Khukri became the only Indian naval vessel to have been lost in combat. With it, 18 officers and 176 sailors also lost their lives, including its captain, Mahendra Nath Mulla, the only Indian Naval Captain to go down with his vessel. He was posthumously awarded the Maha Vir Chakra, India’s second-highest military honour.

A memorial was built in Diu, Gujarat, India, to honour the brave crew of INS Khukri. It has a scale model of Khukri in a glass house on top of a hillock facing the sea.

7. INS Khukri’s crest represents two curved swords

The crest of INS Khukri represents 2 curved swords called Khurkis with the handles facing downwards and blades pointing outwards. This symbol represents courage, and its motto is also Bal, Sahas, Josh aur Dum, Kuhkuri Nahi Kisi Se Kam, which in English means Power, Courage, Passion and Strength, Khukri is no less than anyone.

Like its ensign on the crest, the crew onboard Khukri showed tremendous courage when it sank in 1971, especially the Commanding Officer, Captain Mahendra Nath Mulla. Six officers and 61 sailors survived and recounted how the captain helped the crew to escape from the incident but chose to go down with the ship.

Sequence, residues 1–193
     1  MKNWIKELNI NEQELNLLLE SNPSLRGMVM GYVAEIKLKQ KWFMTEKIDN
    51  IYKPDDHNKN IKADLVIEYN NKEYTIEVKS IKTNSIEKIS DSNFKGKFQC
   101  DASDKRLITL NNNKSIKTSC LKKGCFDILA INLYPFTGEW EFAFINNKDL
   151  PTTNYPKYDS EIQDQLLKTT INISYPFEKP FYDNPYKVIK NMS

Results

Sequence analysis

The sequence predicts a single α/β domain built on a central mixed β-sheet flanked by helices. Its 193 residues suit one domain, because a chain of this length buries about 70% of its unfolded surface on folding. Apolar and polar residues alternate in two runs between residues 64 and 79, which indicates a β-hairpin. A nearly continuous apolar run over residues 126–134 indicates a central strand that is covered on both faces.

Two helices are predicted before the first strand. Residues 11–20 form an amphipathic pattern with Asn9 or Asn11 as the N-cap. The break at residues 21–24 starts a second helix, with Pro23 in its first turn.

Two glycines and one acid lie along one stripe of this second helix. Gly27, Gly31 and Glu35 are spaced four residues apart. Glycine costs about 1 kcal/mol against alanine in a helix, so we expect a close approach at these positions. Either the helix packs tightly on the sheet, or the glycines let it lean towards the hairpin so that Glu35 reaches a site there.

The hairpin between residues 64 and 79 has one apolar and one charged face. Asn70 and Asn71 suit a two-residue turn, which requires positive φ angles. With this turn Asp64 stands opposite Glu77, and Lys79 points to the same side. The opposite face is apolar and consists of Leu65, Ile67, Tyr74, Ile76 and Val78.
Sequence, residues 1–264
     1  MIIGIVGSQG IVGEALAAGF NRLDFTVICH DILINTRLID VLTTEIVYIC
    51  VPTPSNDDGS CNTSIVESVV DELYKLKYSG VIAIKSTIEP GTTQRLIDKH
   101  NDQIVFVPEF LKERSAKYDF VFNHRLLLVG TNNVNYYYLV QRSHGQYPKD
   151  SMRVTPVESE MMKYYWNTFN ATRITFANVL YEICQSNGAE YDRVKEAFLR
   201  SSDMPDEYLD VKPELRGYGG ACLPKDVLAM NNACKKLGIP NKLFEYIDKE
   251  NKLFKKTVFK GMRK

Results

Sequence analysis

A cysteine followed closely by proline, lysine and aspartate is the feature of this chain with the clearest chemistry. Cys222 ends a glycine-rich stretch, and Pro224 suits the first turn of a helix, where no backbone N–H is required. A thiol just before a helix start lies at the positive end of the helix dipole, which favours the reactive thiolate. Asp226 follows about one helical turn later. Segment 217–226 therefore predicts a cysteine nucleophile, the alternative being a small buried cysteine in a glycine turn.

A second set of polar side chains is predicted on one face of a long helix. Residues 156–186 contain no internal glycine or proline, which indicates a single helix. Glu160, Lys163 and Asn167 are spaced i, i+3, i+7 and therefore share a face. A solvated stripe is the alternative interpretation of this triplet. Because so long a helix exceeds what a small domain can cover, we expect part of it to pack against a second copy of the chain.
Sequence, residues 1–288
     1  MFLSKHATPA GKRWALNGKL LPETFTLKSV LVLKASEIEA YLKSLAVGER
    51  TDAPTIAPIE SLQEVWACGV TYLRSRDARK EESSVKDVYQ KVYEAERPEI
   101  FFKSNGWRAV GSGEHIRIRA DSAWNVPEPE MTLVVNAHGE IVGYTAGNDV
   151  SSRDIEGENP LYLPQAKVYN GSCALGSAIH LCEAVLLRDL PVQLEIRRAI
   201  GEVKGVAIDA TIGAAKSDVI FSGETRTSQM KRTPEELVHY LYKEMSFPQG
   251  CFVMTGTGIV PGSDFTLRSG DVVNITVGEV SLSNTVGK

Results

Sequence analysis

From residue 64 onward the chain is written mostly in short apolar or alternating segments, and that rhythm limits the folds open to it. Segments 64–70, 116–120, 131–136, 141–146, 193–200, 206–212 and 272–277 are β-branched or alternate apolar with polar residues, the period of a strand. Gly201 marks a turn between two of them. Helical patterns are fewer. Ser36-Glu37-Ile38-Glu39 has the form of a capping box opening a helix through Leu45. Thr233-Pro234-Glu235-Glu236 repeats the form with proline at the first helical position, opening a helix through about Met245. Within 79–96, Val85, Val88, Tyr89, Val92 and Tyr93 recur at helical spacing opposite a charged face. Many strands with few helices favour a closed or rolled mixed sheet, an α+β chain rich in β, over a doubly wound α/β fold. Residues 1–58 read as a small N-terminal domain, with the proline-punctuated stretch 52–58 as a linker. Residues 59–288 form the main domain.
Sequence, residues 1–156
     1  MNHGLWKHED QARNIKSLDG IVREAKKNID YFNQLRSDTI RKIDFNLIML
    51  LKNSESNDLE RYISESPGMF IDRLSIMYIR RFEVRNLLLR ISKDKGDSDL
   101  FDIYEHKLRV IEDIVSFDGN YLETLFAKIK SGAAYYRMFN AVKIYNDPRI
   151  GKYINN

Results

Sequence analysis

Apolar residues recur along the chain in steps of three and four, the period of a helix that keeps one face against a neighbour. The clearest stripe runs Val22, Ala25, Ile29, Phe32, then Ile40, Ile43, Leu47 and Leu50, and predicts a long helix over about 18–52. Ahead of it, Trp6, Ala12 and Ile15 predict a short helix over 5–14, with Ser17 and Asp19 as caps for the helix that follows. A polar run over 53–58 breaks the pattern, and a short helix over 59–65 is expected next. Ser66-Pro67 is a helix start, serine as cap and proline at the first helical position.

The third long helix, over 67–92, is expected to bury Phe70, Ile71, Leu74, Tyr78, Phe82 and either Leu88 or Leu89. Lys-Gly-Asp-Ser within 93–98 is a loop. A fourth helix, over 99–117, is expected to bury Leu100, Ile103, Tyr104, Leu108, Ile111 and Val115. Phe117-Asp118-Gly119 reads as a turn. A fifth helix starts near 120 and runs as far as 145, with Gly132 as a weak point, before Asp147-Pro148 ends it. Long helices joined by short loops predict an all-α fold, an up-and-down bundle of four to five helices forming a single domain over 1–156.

8. A missile corvette was named Khukri to honour the INS Khukri lost in the 1971 war

INS Khukri was the first of the indigenously built Missile Corvettes. It was constructed by Mazagaon Dock Ship Builders and commissioned into the Indian Navy on 23 August 1989.

INS Khukri was the lead ship of her class of corvettes. It was named after INS Khukri, the only Indian Naval Ship ever lost in battle. It was laid down in 1985 and launched the following year in 1986.

It carries the same crest and motto as the INS Khukri and was part of the Western and Eastern Fleets.

She was decommissioned after 32 years of service on 23 December 2021. During her service, she was commanded by 28 officers and sailed more than 6,44,897 nautical miles, almost equal to navigating the world 30 times or three times the distance between the Earth and the moon.

After it was decommissioned, it was given to the Diu administration to be changed into a museum inaugurated by Union Minister Amit Shah on 11 June 2022.

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The information contained in this website is for general information purposes only. While we endeavour to keep the information up to date and correct, we make no representations or warranties of any kind, express or implied, about the completeness, accuracy, reliability, suitability or availability with respect to the website or the information, products, services, or related graphics contained on the website for any purpose. Any reliance you place on such information is therefore strictly at your own risk.

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About Author

Zahra is an alumna of Miranda House, University of Delhi. She is an avid writer, possessing immaculate research and editing skills. Author of several academic papers, she has also worked as a freelance writer, producing many technical, creative and marketing pieces. A true aesthete at heart, she loves books a little more than anything else.